Q: So how’s your journey been after recording, finding other musicians to play alongside?
A: It’s been a rollercoaster, literally a crazy rollercoaster. So I would say we started playing shows in early 2015 and we’ve played all over the place. From all over San Diego and LA, up to Oregon. We went on our first tour in 2016 and went up to Oregon and Washington and then came back down through San Francisco and Santa Cruz.
In 2017, we threw our own festival called the Liquid Earth Gathering out in the desert. We booked all these bands that we knew and people that we were friends with and just threw this thing at an amazing property called Garth’s Boulder Garden. It’s like 600 acres of ancient shamanic healing land and we just decided to throw it. Everyone’s always like, how’d you do it and I’m like well we just kind of decided. I just wanted to do it and hit up a bunch of people and everyone was down. We got insurance for like 200 people. On Saturday, we were counting all of the people and there were like 400. It kind of blew my mind, so I stopped counting. I was like alright, I can’t do this. It was super cool, really an amazing thing.
Not too long after that, we took a break because some family members of mine had passed away and I had to go and help my mom and just be with my family around that time. From there, we kind of dissolved a little bit and fell off by taking a break. On my way back to California, I ran out of money in Colorado, so I decided to stay there for a year. We played one show out there that was pretty tight in this warehouse, but yea finally I just got the calling to come back to California. We recently just solidified a really great lineup. We’re all vibing really well and learning a bunch of songs. Our first show back is on the 20th and from there we already have at least 10 shows booked for 2020 and are working on a full blown West Coast tour.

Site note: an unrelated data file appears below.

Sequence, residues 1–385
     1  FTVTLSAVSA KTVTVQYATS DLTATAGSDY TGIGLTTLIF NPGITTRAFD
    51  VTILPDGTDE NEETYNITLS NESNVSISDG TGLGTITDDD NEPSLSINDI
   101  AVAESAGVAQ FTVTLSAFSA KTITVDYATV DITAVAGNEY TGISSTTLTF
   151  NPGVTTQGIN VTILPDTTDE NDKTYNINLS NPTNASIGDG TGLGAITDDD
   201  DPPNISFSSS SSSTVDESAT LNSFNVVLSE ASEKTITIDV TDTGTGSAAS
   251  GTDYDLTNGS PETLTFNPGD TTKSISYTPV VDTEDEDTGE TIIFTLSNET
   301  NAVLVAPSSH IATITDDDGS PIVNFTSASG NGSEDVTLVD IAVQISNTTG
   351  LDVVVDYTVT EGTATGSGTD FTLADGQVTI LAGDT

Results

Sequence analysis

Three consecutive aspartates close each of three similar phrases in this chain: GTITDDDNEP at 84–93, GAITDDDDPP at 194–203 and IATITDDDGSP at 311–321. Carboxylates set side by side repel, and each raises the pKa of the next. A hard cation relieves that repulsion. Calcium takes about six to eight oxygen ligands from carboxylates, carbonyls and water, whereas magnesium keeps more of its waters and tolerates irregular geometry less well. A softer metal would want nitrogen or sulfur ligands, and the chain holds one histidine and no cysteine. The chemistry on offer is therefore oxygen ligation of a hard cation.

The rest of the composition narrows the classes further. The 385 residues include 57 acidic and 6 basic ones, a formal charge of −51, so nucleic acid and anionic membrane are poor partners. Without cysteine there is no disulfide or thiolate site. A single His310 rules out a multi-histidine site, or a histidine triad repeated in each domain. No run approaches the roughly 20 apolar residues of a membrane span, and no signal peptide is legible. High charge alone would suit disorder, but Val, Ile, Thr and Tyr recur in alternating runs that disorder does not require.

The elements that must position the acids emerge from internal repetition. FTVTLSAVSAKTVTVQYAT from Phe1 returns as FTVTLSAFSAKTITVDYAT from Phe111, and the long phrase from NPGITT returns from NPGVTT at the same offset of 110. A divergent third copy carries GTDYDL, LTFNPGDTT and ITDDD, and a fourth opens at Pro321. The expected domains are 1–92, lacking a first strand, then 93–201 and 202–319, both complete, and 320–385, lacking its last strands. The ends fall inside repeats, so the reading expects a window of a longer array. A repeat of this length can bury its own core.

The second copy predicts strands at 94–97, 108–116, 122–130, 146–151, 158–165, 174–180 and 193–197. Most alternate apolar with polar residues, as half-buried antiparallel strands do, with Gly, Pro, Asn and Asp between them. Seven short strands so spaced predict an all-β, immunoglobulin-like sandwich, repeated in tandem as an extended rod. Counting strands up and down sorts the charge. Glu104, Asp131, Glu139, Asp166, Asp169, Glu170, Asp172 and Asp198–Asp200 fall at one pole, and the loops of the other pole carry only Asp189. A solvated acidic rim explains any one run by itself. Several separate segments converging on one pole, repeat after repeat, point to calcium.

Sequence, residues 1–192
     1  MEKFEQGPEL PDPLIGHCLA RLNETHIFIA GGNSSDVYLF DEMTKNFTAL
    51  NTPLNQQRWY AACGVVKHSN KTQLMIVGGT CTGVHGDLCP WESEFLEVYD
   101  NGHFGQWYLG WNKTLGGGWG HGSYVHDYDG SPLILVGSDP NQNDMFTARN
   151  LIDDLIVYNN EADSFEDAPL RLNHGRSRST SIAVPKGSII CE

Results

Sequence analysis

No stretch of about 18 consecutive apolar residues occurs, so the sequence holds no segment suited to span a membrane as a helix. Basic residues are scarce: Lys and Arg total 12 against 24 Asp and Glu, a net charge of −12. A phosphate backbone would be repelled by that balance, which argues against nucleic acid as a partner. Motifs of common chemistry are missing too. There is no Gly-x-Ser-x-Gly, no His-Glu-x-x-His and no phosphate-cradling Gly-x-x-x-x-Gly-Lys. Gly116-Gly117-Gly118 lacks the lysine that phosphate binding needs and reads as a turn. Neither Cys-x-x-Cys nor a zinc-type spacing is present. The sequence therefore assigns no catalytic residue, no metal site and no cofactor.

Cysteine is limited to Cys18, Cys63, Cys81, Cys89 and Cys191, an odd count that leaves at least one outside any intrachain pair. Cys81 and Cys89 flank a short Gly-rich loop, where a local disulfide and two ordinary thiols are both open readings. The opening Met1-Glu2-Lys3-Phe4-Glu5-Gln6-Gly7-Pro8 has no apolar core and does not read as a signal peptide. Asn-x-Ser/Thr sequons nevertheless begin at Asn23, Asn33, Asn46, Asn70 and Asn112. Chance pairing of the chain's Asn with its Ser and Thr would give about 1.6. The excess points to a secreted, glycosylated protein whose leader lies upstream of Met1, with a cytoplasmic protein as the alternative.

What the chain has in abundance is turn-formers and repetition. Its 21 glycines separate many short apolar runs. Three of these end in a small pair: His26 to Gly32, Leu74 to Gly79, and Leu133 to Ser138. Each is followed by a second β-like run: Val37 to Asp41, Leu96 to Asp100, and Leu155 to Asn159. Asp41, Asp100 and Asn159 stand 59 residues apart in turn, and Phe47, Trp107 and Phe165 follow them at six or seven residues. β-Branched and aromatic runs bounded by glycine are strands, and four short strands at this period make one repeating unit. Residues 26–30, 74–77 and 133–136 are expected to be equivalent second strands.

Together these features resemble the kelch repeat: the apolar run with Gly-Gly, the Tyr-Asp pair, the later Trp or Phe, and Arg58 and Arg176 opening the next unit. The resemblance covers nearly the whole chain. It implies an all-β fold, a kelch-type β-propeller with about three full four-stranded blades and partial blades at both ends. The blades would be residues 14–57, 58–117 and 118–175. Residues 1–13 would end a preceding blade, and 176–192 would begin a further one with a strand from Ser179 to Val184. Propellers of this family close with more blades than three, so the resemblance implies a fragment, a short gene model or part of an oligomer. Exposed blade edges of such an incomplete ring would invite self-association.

Q: It seems like you were able to pull off your festival with a DIY mindset, do you think San Diego has that kind of scene or did you have to go out and create that yourself?
A: San Diego has a pretty cool scene. From what I’ve realized, it’s mainly heavy psych rock bands like if you know Sacri Monti and Monarch and Earthless. Like I love all of those dudes, they’re all amazing people and they all fucking shred, but they don’t have a full on psych rock scene. I started playing shows in 2016 up in Orange County and met a whole bunch of bands up there and in LA that are doing the full on psych rock thing, like very Tame Impala inspired with a lot of phaser pedals.
I started playing shows at this one venue called the Crystal Gallery and just all over Orange County and LA almost every weekend. From there, is where I met most of the people who were out at the Liquid Earth Gathering. Then I met visual artists like Stranger Liquids who did visuals and Slim Reaper who’s now done visuals for Brian Jonestown Massacre and King Gizzard & the Lizard Wizard. I just kind of hit all of them up. We had a spot and my friend Daniel from Shaman Rock helped me book some bands. We didn’t even really have a stage, it was just like a piece of tarp on the ground and a mixer off to the side with all of the mics going into it and then we had like six speakers surrounding the stage.
Q: Have visual artists like Stranger Liquid or Slim Reaper, or just visual arts in general been part of Soul Juice’s perfo